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A picture of a Cowslip


Primula veris

Buy Cowslip

Also known as

Arthritica, Herb Peter, Common Cowslip, Bedlam Cowslip, Fairy Cup, Galligaskins, Gaskins, Key Flower, Keywort, Lady's Bunch Of Keys, Lady's Candlestick, Lady's Keys, Lady's Seal, Luck Flower, Paggles, Paigle, Paiglewort, Palseywort, Paralysis, Petty Mullein, Primerole, Primet, St Peter's Wort, Cowslip Primrose, English Cowslip, Primrose

Full Sun
Moderate care
Moderate watering


RHS hardiness


Minimum temperature

Expected size







5 years to reach maturity


  • spring
  • summer
  • autumn
  • winter

This plant has a strong fragrance

More images of Cowslip

A photo of Cowslip
A photo of Cowslip
A photo of Cowslip
A photo of Cowslip
A photo of Cowslip

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Wild Cowslip - 6 Plant Pack - Half-Hardy Perennial - Primula veris


Wild Cowslip - 6 Plant Pack - Half-Hardy Perennial - Primula veris


Seedball - Urban Meadow

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Seedball - Urban Meadow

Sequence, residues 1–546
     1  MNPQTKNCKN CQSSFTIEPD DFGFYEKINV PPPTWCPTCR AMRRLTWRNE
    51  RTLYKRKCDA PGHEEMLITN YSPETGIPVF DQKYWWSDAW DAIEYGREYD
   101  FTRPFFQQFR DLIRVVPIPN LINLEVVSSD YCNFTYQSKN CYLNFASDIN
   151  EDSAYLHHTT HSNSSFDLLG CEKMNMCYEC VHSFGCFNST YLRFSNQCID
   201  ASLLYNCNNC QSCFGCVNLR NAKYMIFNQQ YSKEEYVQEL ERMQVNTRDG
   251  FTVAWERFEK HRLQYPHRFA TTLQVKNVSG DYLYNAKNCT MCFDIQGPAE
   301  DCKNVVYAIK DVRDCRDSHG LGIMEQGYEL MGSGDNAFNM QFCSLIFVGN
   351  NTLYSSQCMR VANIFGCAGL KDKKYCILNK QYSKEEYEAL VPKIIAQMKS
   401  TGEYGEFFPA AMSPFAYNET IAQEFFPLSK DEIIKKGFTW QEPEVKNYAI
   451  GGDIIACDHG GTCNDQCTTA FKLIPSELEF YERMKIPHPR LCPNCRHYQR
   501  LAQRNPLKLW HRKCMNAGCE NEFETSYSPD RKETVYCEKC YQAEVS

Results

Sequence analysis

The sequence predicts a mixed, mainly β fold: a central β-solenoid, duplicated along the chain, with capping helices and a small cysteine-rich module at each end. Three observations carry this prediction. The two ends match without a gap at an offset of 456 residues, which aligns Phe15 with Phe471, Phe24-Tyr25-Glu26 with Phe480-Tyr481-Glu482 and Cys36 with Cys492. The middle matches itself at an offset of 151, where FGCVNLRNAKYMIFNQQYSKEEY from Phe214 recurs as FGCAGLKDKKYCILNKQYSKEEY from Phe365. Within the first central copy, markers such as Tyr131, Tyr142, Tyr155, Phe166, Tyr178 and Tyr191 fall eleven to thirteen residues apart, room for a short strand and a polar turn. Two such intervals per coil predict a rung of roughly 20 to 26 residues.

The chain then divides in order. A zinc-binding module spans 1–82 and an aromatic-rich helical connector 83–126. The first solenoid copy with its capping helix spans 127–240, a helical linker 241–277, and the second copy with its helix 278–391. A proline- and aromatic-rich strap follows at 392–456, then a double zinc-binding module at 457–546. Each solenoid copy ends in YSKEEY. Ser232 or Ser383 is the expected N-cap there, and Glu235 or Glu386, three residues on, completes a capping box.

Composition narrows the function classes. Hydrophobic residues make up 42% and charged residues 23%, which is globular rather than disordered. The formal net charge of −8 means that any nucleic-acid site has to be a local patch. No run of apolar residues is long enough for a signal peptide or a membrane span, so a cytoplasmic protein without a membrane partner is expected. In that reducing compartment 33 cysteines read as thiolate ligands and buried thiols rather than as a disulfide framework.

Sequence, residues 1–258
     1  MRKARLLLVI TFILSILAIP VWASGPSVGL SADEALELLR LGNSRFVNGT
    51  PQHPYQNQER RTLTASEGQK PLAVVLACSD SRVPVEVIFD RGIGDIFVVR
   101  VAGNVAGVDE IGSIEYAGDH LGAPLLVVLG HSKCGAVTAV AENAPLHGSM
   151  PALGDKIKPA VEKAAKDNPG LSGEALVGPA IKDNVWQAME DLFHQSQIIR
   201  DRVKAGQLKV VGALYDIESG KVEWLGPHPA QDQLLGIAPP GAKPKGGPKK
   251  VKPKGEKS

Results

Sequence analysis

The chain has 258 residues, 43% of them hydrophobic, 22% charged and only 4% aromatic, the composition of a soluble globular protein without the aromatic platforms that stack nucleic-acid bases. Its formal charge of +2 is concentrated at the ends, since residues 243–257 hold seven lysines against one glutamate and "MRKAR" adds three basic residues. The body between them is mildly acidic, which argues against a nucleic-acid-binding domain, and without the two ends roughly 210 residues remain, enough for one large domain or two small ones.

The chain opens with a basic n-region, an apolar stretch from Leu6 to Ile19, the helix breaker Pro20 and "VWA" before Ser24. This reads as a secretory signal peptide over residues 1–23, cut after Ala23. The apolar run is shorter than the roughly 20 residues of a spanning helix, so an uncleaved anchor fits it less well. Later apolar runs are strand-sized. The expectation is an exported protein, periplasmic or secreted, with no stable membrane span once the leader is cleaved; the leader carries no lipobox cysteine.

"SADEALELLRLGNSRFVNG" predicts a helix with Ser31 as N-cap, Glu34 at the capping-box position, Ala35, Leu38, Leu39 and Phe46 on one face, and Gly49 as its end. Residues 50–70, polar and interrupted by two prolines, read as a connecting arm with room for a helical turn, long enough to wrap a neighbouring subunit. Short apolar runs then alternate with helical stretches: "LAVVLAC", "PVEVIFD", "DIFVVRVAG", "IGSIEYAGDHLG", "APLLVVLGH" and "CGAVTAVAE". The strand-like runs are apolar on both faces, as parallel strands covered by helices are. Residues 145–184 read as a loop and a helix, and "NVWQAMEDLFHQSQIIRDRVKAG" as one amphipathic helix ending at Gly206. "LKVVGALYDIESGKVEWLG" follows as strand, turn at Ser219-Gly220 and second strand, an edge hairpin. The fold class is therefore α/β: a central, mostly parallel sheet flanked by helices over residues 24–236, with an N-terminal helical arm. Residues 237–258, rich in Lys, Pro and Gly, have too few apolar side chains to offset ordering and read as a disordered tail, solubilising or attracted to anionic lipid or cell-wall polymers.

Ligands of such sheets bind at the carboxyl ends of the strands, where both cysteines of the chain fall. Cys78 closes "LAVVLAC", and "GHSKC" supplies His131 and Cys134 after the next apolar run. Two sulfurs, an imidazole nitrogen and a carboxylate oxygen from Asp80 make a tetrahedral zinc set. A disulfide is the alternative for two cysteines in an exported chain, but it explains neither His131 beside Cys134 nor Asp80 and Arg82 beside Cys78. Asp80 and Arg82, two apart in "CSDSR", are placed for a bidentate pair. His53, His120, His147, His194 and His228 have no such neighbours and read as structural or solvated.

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Cowslip Overview

This sweet fragrant wildflower was once common throughout the UK, and could be found in hedgerows, ancient woodlands and traditional hay meadows. In Spring it produces upright stems bearing bright yellow bell shaped nodding flowers which stand out above their foliage and look amazing when planted on mass.

Common problems with Cowslip

How to harvest Cowslip

Collect young flowers from areas that haven't been contaminated with passing dogs, field sprays, etc.

How to propagate Cowslip


Take root basal cutting in Spring, Select strong shoots about 10cm long and cut as close to the base as possible. Remove lower leaves and pinch out the top. Sink cuttings upto 2.5cm deep around the edge onf a pot containing potting compost. Water in and mist cuttings reguarly. Provide bottom heat.


Allow plants to self seed and lift 1 year old seedlings the following year.


Lift and divide clumps after the flowers have faded in Spring, replant straight away in damp semi shaded locations.

Special features of Cowslip

Attractive flowers

Attracts useful insects

Other uses of Cowslip

This low maintenance plant suits being included wildflower meadows, wildlife gardens, woodland settings, informal cottage designs as well as containers and beds and borders. Once used in herbal medicines as a sedative, the flowers were more commonly collected for making Cowslip wine or added to salads or mixed with other herbs to stuff meats.

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